Two weeks ago an Australian-based company called Solar Systems said it had received $110 million in government funding to build a massive 154-megawatt solar power station in northwest Victoria. Australia’s prime minister, John Howard, has been talking up the project to deflect criticism that he’s not doing enough about climate change.

There’s even been talk – tough to say how serious – of a 300-megawatt facility in New Mexico that would be laid across 1,300 hectares of land. It would produce about as much power as an average-sized natural gas plant.

But the real action is happening in Europe. A 20-megawatt project is already underway in Spain and an 11- megawatt farm is being deployed in Portugal.

Germany, meanwhile, is years ahead of the game with the biggest solar farms already in operation. The Solar Park Gut Erlsasee near Arnstein is the largest in the world at 12 megawatts. The system is designed so that each panel tracks the movement of the sun, maximizing electricity production. SkyPower and SunEdison plan a similar approach in Ontario.

Germany’s Bavaria SolarPark is rated at 10 megawatts, but it’s actually composed of three separate farms. Several other multi-megawatt facilities are scattered across the country.

“If you look at Canada as a country, it has more solar radiation on average than Germany does, particularly where people live. So you can see the potential there,” says Jigar Shah, founder and CEO of SunEdison.

“If Germany, with its population and land mass, can achieve 700 to 800 megawatts a year worth of solar, Canada can easily achieve the same.”

Shah says the solar market in North America should be able to achieve growth rates of 50 per cent a year, thanks to progressive legislation in California and Ontario’s standard-offer program, which are both prompting other jurisdictions to follow.

And he says the opportunities are just beginning. “I think the decade of 2010 to 2020 will be the decade of solar power.”

Rob McMonagle, executive director of the Canadian Solar Industries Association, says the buzz around solar is getting louder in Canada and political support is growing. More than 270 people attended the industry’s annual conference in Ottawa last week, double the attendance from a year ago.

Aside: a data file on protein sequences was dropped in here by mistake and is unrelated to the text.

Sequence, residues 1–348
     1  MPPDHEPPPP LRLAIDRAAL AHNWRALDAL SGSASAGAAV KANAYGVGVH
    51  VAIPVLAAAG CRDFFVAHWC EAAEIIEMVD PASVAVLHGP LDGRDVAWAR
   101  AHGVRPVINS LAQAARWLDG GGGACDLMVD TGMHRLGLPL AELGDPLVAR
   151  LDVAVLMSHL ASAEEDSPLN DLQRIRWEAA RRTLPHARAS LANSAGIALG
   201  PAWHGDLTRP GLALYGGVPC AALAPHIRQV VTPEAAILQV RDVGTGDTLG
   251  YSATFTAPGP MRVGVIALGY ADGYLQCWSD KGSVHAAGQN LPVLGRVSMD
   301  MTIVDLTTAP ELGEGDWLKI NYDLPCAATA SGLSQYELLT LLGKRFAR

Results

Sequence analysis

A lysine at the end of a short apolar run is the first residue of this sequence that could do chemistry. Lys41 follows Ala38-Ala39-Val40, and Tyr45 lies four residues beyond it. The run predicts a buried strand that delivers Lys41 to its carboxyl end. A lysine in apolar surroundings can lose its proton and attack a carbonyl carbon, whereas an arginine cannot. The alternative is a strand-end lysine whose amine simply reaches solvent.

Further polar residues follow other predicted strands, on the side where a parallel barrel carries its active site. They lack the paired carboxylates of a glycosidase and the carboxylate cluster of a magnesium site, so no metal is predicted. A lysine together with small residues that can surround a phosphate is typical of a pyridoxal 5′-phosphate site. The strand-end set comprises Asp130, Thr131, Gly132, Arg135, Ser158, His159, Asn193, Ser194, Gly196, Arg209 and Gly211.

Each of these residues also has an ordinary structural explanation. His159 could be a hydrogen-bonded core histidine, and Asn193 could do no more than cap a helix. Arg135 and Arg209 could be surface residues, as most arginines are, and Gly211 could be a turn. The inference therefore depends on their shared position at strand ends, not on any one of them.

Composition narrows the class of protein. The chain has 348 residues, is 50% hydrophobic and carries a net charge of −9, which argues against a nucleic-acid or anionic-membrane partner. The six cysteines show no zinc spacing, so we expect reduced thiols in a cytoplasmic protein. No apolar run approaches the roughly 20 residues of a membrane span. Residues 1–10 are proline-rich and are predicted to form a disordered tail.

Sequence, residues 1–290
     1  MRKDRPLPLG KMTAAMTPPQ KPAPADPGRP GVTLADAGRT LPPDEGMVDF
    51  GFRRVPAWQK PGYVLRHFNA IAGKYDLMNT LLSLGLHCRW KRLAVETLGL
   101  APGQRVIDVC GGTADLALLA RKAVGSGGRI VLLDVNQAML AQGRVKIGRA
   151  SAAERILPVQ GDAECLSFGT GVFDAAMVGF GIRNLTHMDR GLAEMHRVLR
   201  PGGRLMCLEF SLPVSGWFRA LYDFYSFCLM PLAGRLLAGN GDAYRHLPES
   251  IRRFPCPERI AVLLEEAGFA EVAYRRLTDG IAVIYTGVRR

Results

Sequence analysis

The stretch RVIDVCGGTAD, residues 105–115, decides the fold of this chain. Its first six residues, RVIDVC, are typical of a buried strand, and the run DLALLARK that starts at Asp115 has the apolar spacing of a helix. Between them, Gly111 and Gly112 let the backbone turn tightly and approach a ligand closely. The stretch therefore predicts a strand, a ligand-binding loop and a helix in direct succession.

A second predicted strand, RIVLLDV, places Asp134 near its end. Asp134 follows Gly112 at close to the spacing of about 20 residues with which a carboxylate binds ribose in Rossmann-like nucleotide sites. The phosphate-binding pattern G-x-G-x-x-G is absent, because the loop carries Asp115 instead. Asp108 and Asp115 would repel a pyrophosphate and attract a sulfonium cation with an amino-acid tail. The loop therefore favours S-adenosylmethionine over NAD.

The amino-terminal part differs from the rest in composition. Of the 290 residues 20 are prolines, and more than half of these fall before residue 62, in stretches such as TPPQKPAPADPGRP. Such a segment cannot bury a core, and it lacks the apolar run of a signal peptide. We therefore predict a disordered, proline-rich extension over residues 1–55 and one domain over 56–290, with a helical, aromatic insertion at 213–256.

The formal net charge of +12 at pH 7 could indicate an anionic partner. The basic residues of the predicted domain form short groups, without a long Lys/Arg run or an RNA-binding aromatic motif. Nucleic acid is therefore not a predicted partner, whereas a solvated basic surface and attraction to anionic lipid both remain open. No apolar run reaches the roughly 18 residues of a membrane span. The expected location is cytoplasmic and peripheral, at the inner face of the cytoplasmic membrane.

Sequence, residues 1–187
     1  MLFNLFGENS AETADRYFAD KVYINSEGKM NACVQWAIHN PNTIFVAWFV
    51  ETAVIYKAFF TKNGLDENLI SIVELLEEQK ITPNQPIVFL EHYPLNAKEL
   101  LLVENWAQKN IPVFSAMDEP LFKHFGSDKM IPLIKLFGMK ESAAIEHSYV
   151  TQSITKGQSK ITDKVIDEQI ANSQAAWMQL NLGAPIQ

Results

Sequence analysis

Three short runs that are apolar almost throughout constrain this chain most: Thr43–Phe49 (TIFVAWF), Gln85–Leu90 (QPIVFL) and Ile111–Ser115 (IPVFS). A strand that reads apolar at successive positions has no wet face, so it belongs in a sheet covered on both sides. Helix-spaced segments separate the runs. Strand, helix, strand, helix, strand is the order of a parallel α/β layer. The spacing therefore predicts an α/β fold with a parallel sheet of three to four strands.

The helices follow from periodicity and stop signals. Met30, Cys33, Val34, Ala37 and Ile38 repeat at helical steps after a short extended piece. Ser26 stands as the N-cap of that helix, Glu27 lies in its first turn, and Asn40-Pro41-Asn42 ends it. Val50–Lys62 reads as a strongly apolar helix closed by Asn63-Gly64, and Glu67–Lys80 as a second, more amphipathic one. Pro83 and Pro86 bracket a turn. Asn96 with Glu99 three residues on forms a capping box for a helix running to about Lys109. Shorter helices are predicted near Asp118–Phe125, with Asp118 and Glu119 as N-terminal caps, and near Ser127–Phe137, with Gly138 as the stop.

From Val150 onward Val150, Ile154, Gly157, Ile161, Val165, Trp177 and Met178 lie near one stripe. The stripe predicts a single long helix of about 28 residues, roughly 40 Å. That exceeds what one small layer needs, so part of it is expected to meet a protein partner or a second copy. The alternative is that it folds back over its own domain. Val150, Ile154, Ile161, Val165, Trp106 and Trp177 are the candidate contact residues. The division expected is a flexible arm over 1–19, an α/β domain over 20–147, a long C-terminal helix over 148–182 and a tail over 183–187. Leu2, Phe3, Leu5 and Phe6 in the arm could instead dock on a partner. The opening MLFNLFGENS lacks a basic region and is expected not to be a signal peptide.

Gary Lunn, minister of Natural Resources Canada, gave a keynote presentation, making him the first federal minister to speak at the event in two decades. An industry that two years ago was struggling to get attention is now at the centre of it.

“My message is, we are the next Germany of solar, and that’s simply because we’ve got so much catching up to do,” says McMonagle.

And the SunEdison and SkyPower announcement may be just the tip of the iceberg. “I know there are other announcements coming up in the next couple of weeks,” he adds. “We’re getting some big interest from American companies that say we can do this.”

That could be both a curse and a blessing. McMonagle wants to see these big projects emerge, but blowing past the power authority’s low forecast at such an early stage could ultimately undermine the program.

“It’s a little bit of a concern,” he says.

“With their low target (being exceeded), there’s a justification for cutting back the incentive.” Or killing it entirely. Such a knee-jerk reaction would be a grave mistake, particularly if Ontario is serious about building a solar industry that creates jobs and can contribute hundreds of megawatts of emission-free electricity to a province trying to clean up its image.

The time will come to claw back the premium on solar. But we’ve got a few years yet to go.